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About Tackhead

Delivering a powerful mix of taut funk, hip-hop-style grooves, and dub-wise electro-industrial menace, Tackhead was an inspired collaboration between the rhythm section of Keith LeBlanc, Skip McDonald, and Doug Wimbish and maverick producer Adrian Sherwood. LeBlanc, McDonald, and Wimbish first gained a reputation as the studio musicians behind a handful of early rap classics. When Sherwood hired them to work on one of his On-U Sound production projects, it initiated a series of collaborations that culminated in the first proper Tackhead album, 1989's Friendly as a Hand Grenade. The trio's original run ended in 1991, but various permutations of the band continued to work together, and they reunited for the 2014 album For the Love of Money. Guitarist Skip McDonald, bassist Doug Wimbish, and drummer Keith LeBlanc began working together in the late '70s, serving as the backing band for many of Sugar Hill Records' early rap releases, generating the grooves behind such classics as the Sugarhill Gang's "Rapper's Delight" and Grandmaster Flash's "The Message" and "White Lines." In October 1983, LeBlanc scored a minor hit and international press attention with "No Sell Out," a single in which he layered samples from a speech by Malcolm X over a powerful hip-hop backing track. Adrian Sherwood, an innovative British producer and dub remixer who founded the On-U Sound label, crossed paths with LeBlanc during a visit to New York, and the producer invited LeBlanc to work with him. LeBlanc, McDonald, and Wimbish relocated to England, and soon became Sherwood's backing group of choice for his On-U projects, including albums by Mark Stewart & Maffia and Gary Clail. In 1985, LeBlanc, McDonald, and Wimbish cut the first of a handful of singles under the rubric Fats Comet, and they began using the name Tackhead with the single "What's My Mission Now," with Sherwood adding found voices and electronics to the rhythm section's hard-edged performances. The trio and Sherwood worked together on LeBlanc's 1986 solo album Major Malfunction, and sessions backing Gary Clail emerged on the 1987 album Tackhead Tape Time, credited to Gary Clail's Tackhead Sound System. In 1989, the same year LeBlanc dropped his second solo set, Stranger Than Fiction, Tackhead finally released their first proper album, Friendly as a Hand Grenade, issued by TVT Records. The LP debuted a fifth member, Bernard Fowler, who contributed vocals, rather than relying on the vocal samples Sherwood often added to the tracks. In 1990, Tackhead moved to the EMI-distributed SBK label and delivered Strange Things, a more rock-oriented effort that included guest appearances from rapper Melle Mel and Mick Jagger on harmonica. The album didn't live up to commercial expectations, and while LeBlanc, McDonald, and Wimbish continued to play on various On-U Sound System projects, it represented the last new Tackhead material for many years. Between 1994 and 1997, Tackhead brought out three volumes of rarities, outtakes, and live material under the title Power, Inc. In 2004, they reunited for a tour of the United States and Europe, and in 2006, Sherwood assembled a collection of highlights from the group's recording career, Tackhead Sound Crash: Slash & Mix Adrian Sherwood. Tackhead staged another reunion in 2013, recording a collection of covers titled For the Love of Money for the German label Dude Records. 2016 brought The Message, a limited-edition collection of Tackhead and Fats Comet material remixed by Robo Bass Hifi (aka German producer Markus Kammann). Another collection of rare Tackhead material, The Lost Tapes 1 & Remixes, appeared on the Echo Beach label in 2018. Outside of Tackhead, McDonald has recorded under the name Little Axe, Wimbish remains a busy studio musician and performs with Living Colour, LeBlanc has continued to release solo material, and Fowler has recorded two solo albums as well as regularly singing backup with the Rolling Stones, both on-stage and in the studio. ~ Mark Deming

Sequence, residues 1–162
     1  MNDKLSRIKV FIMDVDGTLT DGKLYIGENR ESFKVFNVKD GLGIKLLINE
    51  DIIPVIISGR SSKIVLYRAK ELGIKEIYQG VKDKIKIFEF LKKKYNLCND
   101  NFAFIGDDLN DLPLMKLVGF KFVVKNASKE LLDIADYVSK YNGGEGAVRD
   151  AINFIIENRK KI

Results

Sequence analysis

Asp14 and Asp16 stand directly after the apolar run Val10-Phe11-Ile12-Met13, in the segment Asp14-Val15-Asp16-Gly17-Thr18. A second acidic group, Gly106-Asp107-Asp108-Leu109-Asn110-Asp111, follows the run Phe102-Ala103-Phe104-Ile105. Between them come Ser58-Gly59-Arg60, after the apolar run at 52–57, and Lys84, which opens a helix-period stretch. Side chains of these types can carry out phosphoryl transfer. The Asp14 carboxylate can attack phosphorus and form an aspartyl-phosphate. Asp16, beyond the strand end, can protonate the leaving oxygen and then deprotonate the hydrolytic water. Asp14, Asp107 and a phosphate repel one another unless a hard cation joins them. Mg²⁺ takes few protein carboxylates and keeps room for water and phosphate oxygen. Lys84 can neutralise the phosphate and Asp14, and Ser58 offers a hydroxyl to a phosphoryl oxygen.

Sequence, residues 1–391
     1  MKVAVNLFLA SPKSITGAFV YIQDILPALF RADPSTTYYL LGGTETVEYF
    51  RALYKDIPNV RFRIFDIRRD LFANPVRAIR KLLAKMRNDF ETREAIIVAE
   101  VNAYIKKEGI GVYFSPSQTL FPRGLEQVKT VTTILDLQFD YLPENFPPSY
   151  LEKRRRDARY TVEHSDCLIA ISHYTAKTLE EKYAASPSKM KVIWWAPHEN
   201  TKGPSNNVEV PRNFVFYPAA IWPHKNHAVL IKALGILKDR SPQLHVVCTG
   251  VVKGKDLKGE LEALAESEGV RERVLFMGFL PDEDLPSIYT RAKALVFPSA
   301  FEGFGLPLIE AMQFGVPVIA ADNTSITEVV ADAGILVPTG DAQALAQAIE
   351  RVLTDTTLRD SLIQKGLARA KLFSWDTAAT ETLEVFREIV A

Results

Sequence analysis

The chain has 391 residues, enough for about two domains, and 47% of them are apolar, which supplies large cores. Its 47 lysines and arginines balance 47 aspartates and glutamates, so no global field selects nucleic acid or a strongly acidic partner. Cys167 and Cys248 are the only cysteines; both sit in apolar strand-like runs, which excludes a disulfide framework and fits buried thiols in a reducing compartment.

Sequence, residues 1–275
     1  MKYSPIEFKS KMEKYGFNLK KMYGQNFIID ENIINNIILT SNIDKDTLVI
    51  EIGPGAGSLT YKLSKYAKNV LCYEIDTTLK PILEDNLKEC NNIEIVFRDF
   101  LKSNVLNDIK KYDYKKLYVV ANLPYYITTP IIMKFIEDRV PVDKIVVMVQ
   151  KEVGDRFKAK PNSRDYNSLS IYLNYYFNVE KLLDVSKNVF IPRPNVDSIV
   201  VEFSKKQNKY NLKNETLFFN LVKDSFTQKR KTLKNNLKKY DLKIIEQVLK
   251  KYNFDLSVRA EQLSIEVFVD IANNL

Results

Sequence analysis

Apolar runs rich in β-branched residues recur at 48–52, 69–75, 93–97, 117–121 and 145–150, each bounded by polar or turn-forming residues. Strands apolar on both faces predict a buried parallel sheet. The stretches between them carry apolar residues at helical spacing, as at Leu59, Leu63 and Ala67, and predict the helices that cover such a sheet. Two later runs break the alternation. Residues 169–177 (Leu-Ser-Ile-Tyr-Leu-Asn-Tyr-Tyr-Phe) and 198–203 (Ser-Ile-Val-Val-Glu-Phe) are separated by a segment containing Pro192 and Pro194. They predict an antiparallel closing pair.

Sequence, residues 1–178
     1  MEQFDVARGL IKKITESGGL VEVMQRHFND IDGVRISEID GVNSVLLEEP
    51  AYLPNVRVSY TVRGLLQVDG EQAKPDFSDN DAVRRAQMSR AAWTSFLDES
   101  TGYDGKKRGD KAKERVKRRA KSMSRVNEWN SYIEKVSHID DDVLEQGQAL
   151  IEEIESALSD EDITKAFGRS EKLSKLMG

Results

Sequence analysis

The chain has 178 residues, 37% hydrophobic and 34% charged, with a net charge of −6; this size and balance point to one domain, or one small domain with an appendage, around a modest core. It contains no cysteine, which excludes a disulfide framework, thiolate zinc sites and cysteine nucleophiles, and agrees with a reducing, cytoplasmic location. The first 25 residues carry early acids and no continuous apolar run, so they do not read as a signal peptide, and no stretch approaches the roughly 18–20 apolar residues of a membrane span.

New York, NY, United States

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